To which I posted the following:

G'day, X.

Blogging can be many things, depending on how 'into it' you get.

At the basic level, yes, it is a journal. But blogging can be so much more.

For example, with my own blog I belong to a vibrant community of business communicators and PR professionals. We discuss issues relevant to our industry and grow our own personal sphere of influence (aka market reach).

As I blogged today, once you get past the 'entry level' stage of community building, you start to understand the power of comments and more importantly 'trackbacks' -- the latter is particularly powerful in generating incoming links to your site.

I honestly look forward to being corrected, but I don't see that the money I have invested in SiteSell has given me the tools to create trackbacks on any of my pages. I would expect to have such fundamental tools available as part of my package these days -- after all, I could easily host my site at one of any thousands of webhosts for a fraction of my SBI annual fee. But I choose to stay with SBI precisely because I believe Ken has the right business model for online content and thus deserves to keep my business as a 'thank you'.

With blogs now very much part of the mainstream of online promotional activity -- driving, as they do for me, a significant proportion of traffic behind the search engines to my SBI site -- it would be fantastic to be able to incorporate them properly into my site, with commenting, trackbacks and dedicated urls.

And if anyone doubts the power of blogs to capture Google interest, might I suggest you conduct a search on Google for these two search phrases: kensington locks .... and ... "kensington locks"

In the first example you will see the 3rd place goes to a blog; in the second the 4th place goes to a blog.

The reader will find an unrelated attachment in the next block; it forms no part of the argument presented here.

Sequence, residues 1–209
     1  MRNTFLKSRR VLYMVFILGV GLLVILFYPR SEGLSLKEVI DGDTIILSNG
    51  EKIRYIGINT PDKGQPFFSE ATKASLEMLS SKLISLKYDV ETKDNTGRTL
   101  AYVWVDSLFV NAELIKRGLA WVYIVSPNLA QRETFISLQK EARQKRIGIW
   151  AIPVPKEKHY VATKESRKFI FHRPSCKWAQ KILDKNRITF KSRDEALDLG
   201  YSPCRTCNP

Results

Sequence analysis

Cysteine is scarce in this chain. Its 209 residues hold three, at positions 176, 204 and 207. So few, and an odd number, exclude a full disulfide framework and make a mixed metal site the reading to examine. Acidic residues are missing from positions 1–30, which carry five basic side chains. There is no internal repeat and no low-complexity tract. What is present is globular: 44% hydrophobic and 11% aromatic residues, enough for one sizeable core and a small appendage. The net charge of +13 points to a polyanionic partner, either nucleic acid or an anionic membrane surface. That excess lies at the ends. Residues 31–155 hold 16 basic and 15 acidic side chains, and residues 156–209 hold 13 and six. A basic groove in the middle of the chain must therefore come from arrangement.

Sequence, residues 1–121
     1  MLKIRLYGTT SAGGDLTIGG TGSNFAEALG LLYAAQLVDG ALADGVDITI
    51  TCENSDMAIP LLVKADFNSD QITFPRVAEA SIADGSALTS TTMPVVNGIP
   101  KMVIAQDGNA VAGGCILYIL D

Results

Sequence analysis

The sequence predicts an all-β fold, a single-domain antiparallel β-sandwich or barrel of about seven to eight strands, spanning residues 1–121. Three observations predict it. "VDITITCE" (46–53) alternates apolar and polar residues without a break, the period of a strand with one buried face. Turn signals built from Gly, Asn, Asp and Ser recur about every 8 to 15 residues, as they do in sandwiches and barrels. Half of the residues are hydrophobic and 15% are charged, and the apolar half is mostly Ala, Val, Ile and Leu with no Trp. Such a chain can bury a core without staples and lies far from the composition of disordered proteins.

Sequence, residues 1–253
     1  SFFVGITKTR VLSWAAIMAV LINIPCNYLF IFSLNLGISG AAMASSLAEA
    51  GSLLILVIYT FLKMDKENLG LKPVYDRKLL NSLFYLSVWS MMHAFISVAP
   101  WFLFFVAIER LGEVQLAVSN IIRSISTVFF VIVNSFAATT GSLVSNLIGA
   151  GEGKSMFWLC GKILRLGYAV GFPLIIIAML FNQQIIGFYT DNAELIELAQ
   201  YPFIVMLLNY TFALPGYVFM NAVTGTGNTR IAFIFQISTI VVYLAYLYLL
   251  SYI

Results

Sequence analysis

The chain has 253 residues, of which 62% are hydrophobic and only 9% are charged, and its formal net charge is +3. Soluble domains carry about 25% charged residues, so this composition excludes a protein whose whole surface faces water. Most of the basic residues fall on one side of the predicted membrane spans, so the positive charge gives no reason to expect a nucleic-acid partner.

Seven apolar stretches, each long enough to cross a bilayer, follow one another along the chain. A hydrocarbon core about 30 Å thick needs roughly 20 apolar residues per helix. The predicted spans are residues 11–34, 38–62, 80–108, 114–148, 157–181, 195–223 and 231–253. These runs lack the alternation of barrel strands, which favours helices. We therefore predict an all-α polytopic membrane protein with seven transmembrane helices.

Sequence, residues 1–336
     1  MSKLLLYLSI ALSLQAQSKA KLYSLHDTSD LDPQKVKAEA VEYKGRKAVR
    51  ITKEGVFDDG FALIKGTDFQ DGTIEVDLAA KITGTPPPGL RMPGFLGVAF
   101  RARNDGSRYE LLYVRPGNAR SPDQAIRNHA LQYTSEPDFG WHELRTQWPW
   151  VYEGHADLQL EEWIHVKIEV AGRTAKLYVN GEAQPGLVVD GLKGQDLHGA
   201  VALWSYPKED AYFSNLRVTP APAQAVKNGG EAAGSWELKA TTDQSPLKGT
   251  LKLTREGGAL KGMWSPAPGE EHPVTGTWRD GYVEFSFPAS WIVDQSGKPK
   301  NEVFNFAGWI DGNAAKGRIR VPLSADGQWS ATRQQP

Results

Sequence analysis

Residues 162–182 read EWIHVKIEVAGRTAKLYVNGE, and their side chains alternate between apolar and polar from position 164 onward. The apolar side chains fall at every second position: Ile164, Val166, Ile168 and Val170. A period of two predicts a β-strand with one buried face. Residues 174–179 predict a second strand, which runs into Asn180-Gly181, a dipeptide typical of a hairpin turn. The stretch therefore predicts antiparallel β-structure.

What's in the blog? Commentary about how the blogosphere has found that kensington's laptop locks are about as secure as a piece of tissue paper.

And it was the acknowledged power of the blogosphere that cost the bike lock manufacturer Kryptonite over US$10m because they failed to pay attention to a conversation among 20million bloggers. There's currently around 32m bloggers, with a new post being created every 2 seconds, according to the leading blog search engine Technorati.

Most of the major PR agencies around the western world are now incorporating blog watching in their monitoring activities. As I mentioned earlier, the NY Times has announced that it takes blogging seriously, in a recent editorial.

Quote:
"It's natural enough to think of the growth of the blogosphere as a merely technical phenomenon. But it's also a profoundly human phenomenon, a way of expanding and, in some sense, reifying the ephemeral daily conversation that humans engage in. Every day the blogosphere captures a little more of the strange immediacy of the life that is passing before us. Think of it as the global thought bubble of a single voluble species.” —New York Times editorial Aug. 5, 2005

Blogging CAN be just a simple journal, a listing of one's random thoughts.

But it can also be a whole lot more -- and it behoves the leading hosting company on the web to consider them more fully and offer it as a fully-supported part of their offering, not as a third-party add-on.

=====================

Do you think I went too far, or not far enough?

Sunday, August 14, 2005

A challenging week - and a solution at hand!

G'day fine and gentle readers. The past week has been a challenging one for me, and in the interests of helping others escape potential mental health problems, I will outline some of my challenges --- forewarned is forearmed, as they say.

As you know, I added trackback facilities to my blog a few weeks ago, courtesy of haloscan (as blogger.com accounts don't have a trackback feature). It worked fine for me --- I started trackbacking to other people's posts and all is well, albeit with a few hiccups along the way as I learnt to link to the main post, not the trackback code (oops!).

But then I saw that folks were commenting on my posts but the posts weren't showing up on my blog - they were being captured by haloscan.

Yet whenever I looked at my blog and attempted to add a comment to see what is going on, I was able to leave a comment on blogger's comments engine - hence the comment shows up on my blog, the number of 'comments' on a post clearly visible from the front page of my blog.